Mary-Anne Bartlett

Mary-Anne Bartlett

Sketching & Painting

Favourite destination
Africa and Asia, and a few other places

Favourite medium
Watercolour and pencil sketching at speed

I love to paint quickly, to tap into the adrenaline kick of trying to seize that fleeting moment when an animal is doing something interesting - and then to slow down to enjoy the relaxation of painting landscape and townscapes.

Mary-Anne Bartlett is a travel and wildlife artist who will help you respond to movement, habitat and colour.  Happy to sit for hours in almost any climate or cultures, she’s going to show you that it’s possible to sketch anywhere.

Sketching is what it’s all about for Mary-Anne, not exhibitions and shows.  She developed a habit of carrying watercolours and a travel sketchbook while at Art College at Exeter and Strasbourg (CIM Dip M, DNSEP Strasbourg, BA Comb Hons Exeter) and sees these tools as the artist’s passport to integration into communities around the world.  She regards her art materials as her real passport.  Through painting and sketching you also observe, see and remember the world around you more clearly.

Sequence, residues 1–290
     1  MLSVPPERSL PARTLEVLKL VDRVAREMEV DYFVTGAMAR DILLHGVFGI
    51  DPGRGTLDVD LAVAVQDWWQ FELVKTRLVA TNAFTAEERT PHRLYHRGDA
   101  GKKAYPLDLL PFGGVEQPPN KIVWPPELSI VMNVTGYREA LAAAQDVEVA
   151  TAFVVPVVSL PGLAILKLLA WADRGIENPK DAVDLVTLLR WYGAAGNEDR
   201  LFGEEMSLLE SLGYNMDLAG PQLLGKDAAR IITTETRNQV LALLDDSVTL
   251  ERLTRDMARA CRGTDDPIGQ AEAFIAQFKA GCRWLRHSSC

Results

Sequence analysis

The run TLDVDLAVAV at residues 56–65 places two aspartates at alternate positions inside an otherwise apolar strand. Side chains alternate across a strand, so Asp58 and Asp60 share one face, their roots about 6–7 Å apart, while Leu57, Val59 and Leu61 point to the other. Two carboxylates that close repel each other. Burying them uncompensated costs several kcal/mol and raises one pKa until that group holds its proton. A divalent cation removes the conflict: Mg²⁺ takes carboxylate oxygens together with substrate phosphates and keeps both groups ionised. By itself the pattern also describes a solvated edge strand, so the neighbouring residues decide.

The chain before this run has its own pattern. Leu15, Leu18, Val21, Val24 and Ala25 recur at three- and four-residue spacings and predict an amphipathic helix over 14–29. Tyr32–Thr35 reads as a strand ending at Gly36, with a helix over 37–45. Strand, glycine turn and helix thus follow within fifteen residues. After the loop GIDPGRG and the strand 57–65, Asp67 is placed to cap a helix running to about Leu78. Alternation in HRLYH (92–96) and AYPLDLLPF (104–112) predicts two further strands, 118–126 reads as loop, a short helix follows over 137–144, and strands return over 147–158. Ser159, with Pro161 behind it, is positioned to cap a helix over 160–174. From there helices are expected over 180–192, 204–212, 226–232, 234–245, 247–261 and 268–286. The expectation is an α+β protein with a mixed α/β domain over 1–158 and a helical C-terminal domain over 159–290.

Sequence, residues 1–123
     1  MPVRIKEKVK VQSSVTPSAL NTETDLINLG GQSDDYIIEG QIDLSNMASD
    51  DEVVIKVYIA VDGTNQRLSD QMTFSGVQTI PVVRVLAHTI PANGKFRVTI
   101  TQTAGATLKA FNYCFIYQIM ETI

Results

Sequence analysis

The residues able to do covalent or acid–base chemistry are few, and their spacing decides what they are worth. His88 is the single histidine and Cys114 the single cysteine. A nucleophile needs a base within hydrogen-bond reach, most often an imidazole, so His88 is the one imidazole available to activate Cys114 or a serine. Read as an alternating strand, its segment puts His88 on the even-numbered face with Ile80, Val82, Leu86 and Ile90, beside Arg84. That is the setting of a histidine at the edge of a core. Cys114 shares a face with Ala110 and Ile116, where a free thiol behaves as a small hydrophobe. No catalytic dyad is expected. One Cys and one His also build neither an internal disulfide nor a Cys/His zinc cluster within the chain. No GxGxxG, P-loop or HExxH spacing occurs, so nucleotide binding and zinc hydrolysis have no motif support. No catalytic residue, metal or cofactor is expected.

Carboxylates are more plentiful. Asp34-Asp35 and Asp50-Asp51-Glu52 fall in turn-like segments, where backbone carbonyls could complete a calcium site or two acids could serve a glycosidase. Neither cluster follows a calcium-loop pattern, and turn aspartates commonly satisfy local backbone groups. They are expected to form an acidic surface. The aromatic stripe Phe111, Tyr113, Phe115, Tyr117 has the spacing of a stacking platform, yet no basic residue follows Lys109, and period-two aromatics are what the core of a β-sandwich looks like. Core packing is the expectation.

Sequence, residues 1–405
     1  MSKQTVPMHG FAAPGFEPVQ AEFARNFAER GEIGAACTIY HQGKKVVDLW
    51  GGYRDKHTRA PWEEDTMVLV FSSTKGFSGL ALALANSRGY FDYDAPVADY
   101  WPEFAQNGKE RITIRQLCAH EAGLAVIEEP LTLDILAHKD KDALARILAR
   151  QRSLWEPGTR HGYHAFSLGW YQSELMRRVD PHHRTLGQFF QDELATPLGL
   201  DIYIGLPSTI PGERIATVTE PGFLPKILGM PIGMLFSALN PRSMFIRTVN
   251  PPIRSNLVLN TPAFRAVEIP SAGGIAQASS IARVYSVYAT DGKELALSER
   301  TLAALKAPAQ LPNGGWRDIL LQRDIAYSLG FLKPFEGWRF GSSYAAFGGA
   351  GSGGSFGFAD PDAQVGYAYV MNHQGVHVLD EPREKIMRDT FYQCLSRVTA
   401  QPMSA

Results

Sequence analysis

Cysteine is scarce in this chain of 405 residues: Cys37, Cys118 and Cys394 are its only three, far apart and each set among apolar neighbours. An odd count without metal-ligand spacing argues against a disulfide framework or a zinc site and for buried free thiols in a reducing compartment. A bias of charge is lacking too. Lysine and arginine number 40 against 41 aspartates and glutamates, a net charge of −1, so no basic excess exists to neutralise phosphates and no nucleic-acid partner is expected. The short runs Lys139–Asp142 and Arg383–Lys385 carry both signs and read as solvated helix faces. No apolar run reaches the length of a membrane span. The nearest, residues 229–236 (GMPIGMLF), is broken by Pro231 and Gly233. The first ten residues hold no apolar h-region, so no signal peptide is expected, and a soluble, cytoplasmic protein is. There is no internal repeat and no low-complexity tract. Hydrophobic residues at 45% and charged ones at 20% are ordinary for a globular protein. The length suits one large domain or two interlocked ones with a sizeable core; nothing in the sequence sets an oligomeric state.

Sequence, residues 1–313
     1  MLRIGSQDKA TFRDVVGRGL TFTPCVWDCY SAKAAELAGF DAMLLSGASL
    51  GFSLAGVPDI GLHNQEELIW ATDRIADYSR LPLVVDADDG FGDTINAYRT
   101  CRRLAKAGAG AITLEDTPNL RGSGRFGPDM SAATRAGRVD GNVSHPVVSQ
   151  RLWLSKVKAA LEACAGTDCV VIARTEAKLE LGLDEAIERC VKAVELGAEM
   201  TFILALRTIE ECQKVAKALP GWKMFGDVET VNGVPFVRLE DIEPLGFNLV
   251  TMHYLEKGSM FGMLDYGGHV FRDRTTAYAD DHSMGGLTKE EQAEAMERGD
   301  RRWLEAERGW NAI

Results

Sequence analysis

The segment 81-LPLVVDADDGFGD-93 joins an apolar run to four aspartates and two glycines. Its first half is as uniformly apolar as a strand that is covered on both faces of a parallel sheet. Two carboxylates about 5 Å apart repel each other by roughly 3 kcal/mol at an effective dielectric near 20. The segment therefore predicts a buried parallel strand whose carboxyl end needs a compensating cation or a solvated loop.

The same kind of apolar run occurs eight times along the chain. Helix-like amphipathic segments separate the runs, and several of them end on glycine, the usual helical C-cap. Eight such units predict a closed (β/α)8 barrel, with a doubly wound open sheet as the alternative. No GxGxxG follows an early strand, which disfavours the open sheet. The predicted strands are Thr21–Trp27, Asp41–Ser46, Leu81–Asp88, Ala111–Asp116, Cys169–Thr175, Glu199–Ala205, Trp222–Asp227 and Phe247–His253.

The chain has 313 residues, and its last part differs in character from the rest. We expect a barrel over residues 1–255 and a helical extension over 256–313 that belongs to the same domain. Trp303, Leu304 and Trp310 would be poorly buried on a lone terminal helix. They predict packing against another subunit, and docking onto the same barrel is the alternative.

Art Safari is Mary-Anne’s brainchild, dreamed up while travelling in Malawi in 1999.  She developed the idea of Art Safari from a short art course in Liwonde National Park into a full range of itineraries around the world, spurred on by the huge enthusiasm and wanderlust of Art Safari guests.

Mary-Anne is a cultural chameleon and happy in many countries, cultures and languages. She is especially well known as an African specialist. As great-great-granddaughter of explorer botanist and doctor Sir John Kirk, Mary-Anne has travel, and Africa, in the blood. Kirk explored East Africa on the Zambezi Expedition with Dr David Livingstone in the 1850-60s before becoming Consul General of East Africa in Zanzibar. She takes after these early explorers – both Kirk and Livingstone also travelled everywhere with their sketchbooks. She enjoys being with creative people and relishes the challenge of artistic styles and personalities in each safari group.

Her artwork ranges from the detailed to the expressive and she is well-known for her minimal representations of animals which verge on a Japanese distillation of fleeting moment. Her detailed water-colours of landscapes lead you wide vistas of timeless beauty, whilst her minimal drawings and prints of African wildlife capture those fleeting moments of interaction between wild animal and the silent human watching in awe.